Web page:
The pervasive problems with racism in our criminal justice system has been clear. Black Americans are incarcerated in state prisons at nearly five times the rate of white Americans.
The systemic racism in the system starts before the first contact and continues through charging decisions, plea deals, conviction, sentencing recommendations, incarceration, release and beyond.
A Feb. 3 program at the American Bar Association 2023 Midyear Meeting in New Orleans looked at one area where unfairness can be found: prosecutorial biases.
The program, sponsored by the ABA Section of State and Local Government Law, featured two defense attorneys representing both trial and appellate perspectives.
Daniel S. Harawa, an associate professor of law at Washington University in St. Louis, directs the appellate clinic and conducts research on the intersections of race, civil rights and criminal law, and whether adequate process is afforded to criminal defendants.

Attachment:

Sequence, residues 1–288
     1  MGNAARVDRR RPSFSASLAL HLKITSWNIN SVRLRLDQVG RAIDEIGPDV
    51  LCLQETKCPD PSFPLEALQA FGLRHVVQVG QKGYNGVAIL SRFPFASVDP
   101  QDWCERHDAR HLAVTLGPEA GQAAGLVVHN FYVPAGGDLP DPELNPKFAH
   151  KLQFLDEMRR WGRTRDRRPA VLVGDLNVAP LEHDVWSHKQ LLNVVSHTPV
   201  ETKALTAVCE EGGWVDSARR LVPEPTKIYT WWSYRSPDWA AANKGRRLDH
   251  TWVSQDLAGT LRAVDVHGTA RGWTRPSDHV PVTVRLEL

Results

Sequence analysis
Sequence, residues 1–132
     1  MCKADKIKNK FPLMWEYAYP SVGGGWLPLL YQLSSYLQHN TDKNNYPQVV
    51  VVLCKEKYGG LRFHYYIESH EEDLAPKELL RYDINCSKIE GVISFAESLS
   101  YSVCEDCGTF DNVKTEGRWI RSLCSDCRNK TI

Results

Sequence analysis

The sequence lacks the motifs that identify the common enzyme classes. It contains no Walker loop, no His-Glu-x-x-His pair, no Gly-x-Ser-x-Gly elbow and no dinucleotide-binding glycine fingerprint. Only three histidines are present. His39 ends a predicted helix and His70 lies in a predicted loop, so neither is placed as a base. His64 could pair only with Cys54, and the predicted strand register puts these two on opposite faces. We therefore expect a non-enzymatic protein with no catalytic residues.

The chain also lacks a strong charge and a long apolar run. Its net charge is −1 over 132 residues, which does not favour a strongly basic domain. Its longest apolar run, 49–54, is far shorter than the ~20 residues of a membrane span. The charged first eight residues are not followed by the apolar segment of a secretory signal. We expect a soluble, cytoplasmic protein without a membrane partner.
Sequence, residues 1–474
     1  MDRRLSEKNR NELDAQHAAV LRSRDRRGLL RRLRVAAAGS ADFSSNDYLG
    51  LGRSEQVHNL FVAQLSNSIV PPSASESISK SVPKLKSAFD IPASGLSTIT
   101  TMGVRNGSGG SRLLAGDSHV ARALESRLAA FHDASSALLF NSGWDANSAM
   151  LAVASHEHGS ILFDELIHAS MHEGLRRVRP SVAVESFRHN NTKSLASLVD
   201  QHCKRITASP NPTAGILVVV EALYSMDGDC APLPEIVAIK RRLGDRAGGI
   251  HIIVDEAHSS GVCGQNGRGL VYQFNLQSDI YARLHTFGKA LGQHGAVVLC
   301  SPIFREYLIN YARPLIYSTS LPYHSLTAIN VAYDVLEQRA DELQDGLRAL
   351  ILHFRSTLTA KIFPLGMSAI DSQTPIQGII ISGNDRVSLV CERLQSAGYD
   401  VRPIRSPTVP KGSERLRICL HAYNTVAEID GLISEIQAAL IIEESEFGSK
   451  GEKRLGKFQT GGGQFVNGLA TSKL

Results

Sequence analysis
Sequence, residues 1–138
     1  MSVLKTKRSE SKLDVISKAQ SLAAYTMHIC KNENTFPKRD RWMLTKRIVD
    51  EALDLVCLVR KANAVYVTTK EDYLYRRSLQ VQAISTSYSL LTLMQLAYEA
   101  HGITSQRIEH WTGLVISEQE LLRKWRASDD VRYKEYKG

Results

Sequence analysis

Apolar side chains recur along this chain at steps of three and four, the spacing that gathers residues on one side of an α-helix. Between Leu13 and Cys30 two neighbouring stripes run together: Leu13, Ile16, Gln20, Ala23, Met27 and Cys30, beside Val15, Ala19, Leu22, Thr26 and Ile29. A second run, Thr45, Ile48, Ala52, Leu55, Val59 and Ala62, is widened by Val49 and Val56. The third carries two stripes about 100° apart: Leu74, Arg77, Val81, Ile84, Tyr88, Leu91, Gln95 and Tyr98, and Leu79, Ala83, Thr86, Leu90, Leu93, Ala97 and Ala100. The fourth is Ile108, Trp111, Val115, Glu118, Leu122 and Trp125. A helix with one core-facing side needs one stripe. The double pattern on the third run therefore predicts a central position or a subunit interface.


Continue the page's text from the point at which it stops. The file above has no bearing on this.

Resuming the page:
He described prosecutorial bias simply: unreasoned or unfair judgment or pre-judgment based on nonrelevant characteristics.
The second panelist, Kevann A. Gardner, has practiced for more than 10 years serving indigent clients in felony and misdemeanor cases and is currently a supervising attorney in the Trial Division of the Public Defender Service for the District of Columbia. Gardner pointed out that everyone has biases and, for most people, these biases are unconscious; but because of the power prosecutors have over people’s lives and freedom, they have a greater responsibility to examine these biases.
Harawa discussed the ample degree of discretion given to prosecutors, but noted that statistics on white and Black defendants show that prosecutors charge Black Americans more harshly, offer worse plea deals and seek more severe sentences.
“Discretion is disproportionately worse for Blacks,” Harawa said.
Gardner stressed the importance of such statistics and studies in this area, because without them, many prosecutors would not even recognize these biases. Looking at each case individually, Gardner said, does not provide a broader view that demonstrates how Blacks are getting harsher punitive outcomes.
The panel, which was moderated by Sydney Jakes, a senior attorney at the Law Offices of Samuel Jakes Jr. LLC, in Clarkston, Georgia., explored how prosecutorial discretion is a good thing, but that bias with a whole lot of discretion gives prosecutors a lot of control over people’s lives. Harawa evoked Spiderman, saying “with great power, comes great responsibility.”